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Make health a priority

Tips for Thanksgiving

Knox County Hospital District

KNOX CITY–The Thanksgiving Day holiday will be here before we know it. No matter how busy your schedule may get, making your health a priority this holiday season is imperative.

“Thanksgiving is one of my favorite holidays each year, but things will undoubtedly look a little different this year with COVID-19 concerns lingering,” said Stephen Kuehler, CEO of Knox County Hospital District. “Coronavirus still threatens our community, so we all must continue safety protocols while trying to enjoy the upcoming holiday.”

To remind area residents how to safely enjoy the upcoming holiday, Knox County Hospital District officials have shared five health and wellness tips designed to keep the community out of danger.

As cases of coronavirus continue to rise here in Texas and across the country, the Centers for Disease Control & Prevention (CDC) recommends staying home and avoid long-distance traveling to prevent the spread of COVID-19.

Consider smaller outings
To protect you and your loved ones’ health, the CDC suggests individuals have a small dinner only with people who live in your household. Virtual dinners through Facetime and webcams are strongly encouraged to connect with family instead of large gatherings.

Stay active
Cooler weather and busier schedules typically lead to many putting exercises on the backburner. Unfortunately, doing so can lead to weight gain and contribute to the onset of many health conditions. Throughout the upcoming holiday season, making time to stay active is critical.

A brisk walk or jog around your neighborhood can be incredibly beneficial. If you want to catch up with a friend or loved one, a walk/run is the perfect opportunity to invite them along.

At-home workouts have never been more practical due to the ongoing pandemic. Try searching the Web or YouTube for “simple at-home workouts” to discover many routines that you can follow.

Don’t skip meals to binge later
On Thanksgiving Day, many people skip meals like breakfast and lunch to “save calories” to indulge in a larger Thanksgiving dinner. This mindset is counterintuitive and can lead to binge eating.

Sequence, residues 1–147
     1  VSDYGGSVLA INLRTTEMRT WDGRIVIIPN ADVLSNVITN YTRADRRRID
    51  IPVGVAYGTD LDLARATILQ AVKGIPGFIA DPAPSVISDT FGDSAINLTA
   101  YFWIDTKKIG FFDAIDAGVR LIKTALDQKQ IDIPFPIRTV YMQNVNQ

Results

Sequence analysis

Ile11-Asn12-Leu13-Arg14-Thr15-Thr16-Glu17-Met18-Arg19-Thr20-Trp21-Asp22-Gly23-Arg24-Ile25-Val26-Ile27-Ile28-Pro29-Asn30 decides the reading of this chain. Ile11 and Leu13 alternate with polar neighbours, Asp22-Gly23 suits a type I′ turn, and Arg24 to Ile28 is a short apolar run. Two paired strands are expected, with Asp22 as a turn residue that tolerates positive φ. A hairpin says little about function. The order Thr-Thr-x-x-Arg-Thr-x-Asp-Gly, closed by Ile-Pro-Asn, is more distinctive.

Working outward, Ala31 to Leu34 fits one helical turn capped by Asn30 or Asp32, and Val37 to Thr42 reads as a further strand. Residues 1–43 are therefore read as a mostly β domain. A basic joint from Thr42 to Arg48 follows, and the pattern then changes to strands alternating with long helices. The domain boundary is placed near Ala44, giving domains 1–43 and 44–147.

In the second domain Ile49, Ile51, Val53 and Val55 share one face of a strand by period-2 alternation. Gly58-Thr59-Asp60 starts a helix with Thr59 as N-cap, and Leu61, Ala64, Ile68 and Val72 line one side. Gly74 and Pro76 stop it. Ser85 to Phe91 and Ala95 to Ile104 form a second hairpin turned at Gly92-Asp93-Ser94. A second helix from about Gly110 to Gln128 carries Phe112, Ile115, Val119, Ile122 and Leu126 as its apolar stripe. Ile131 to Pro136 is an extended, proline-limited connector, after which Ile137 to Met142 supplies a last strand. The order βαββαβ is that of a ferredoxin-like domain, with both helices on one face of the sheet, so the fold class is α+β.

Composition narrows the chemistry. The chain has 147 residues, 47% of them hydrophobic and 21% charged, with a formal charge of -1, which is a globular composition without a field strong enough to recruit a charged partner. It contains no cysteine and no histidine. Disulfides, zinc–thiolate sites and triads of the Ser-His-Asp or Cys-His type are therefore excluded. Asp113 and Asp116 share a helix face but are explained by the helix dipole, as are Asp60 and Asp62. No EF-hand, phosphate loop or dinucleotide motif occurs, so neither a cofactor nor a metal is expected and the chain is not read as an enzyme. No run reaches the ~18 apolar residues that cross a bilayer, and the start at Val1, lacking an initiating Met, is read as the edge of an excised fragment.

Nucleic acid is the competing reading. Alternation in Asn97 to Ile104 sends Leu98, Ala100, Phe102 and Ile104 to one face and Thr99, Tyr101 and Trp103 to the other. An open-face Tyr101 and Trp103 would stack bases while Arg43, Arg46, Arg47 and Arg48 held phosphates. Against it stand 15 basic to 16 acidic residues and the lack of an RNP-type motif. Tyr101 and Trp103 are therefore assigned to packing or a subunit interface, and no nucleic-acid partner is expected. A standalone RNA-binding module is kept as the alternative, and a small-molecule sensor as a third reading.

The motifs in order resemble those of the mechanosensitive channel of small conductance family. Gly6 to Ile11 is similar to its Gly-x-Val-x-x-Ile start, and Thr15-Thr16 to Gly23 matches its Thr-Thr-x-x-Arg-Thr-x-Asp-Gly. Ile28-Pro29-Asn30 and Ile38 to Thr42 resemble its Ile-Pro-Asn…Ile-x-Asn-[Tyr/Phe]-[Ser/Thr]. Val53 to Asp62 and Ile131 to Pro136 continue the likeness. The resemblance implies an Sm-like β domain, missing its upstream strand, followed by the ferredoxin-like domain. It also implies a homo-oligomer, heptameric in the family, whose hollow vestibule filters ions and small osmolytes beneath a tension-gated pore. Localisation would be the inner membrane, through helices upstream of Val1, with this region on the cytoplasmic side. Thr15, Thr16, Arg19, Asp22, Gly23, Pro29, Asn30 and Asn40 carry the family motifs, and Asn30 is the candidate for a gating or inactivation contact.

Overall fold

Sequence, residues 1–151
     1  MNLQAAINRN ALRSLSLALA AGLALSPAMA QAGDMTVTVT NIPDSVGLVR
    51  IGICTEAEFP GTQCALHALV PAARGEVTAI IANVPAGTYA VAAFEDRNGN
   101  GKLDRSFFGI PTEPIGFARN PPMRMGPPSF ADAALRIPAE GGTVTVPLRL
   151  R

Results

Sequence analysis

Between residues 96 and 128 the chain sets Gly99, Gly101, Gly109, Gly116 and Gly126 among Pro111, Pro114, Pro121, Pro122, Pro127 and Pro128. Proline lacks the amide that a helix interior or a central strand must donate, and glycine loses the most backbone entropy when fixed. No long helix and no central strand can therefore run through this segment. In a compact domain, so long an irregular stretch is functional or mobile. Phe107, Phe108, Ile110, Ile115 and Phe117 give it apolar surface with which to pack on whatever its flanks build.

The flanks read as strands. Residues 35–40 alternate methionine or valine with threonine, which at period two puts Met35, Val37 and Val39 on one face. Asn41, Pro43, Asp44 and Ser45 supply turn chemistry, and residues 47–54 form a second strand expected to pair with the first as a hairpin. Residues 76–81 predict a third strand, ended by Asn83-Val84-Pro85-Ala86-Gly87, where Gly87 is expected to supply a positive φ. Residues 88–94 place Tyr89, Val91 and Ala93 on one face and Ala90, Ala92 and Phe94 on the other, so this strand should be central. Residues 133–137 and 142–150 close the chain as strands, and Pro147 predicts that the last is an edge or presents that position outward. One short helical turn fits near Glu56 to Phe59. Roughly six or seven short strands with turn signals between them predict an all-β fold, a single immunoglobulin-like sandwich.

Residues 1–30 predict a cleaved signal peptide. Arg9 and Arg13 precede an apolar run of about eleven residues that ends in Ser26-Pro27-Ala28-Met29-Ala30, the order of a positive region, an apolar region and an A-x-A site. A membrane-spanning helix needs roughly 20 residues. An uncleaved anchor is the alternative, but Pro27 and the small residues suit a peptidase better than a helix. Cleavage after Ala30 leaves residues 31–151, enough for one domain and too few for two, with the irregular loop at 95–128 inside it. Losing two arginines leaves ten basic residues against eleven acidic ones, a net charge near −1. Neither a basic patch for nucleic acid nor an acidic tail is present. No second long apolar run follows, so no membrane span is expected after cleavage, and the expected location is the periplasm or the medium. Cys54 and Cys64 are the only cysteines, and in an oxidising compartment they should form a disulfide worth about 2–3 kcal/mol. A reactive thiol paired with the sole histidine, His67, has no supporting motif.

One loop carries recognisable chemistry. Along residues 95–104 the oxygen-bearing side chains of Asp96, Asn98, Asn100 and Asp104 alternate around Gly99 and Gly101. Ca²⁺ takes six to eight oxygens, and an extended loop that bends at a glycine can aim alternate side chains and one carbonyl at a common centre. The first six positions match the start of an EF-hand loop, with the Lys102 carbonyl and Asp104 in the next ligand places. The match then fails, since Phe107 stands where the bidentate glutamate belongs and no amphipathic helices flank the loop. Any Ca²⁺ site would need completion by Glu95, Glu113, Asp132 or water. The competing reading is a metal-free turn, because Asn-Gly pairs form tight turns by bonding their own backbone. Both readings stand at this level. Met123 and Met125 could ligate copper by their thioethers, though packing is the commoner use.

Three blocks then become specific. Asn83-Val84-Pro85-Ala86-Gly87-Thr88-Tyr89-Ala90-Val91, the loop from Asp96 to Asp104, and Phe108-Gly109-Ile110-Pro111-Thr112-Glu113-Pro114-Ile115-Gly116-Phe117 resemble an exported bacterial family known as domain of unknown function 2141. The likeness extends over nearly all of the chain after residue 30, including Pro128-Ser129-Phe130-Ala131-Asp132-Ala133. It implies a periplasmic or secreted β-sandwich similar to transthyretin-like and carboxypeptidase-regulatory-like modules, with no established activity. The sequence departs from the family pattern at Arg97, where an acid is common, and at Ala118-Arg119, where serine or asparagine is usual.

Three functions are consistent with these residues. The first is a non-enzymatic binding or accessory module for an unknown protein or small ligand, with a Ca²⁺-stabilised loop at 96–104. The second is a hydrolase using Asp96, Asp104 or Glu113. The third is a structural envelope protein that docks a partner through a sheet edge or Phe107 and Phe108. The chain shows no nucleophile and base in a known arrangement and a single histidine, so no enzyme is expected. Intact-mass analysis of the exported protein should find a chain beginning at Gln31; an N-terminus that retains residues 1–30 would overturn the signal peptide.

Breakfast continues to be the most important meal of the day, and it is one you do not want to miss. While it does not have to be an elaborate meal, a simple breakfast comprised of oatmeal and fresh fruit can provide the nutrition and energy you need to get your day started.

Staying adequately hydrated throughout the day is also essential. Drinking plenty of water can help curb hunger cravings, which are often signs of thirst.

Don’t eat with your eyes.
Portion control is even more essential during the holiday season. Using small plates and slowly chewing can help you consume fewer calories and keep your diet in check.

Remember that casseroles and cranberry sauce can be high in calories, fat, and sugar. Also, be sure to go light on the gravy and try to reserve half of your plate for colorful vegetables.

When eating salads, go light on the dressing – or choose healthier options like vinaigrettes. For slices of bread, whole-wheat options can be a healthier alternative to white bread.

Lastly, remember that dessert is a treat, but moderation is key. Diabetics and individuals who are at the pre-diabetic stage should especially practice caution when it comes to consuming desserts and other foods. Fresh fruit is always a healthy choice for sweet cravings at the end of your meal.

Remember what we are celebrating
While our schedules seem to keep us busy non-stop, remember to take time to pause and be thankful for everything in your life. Thanksgiving is the perfect time to reflect on the people and blessings in your life for which you are most grateful.

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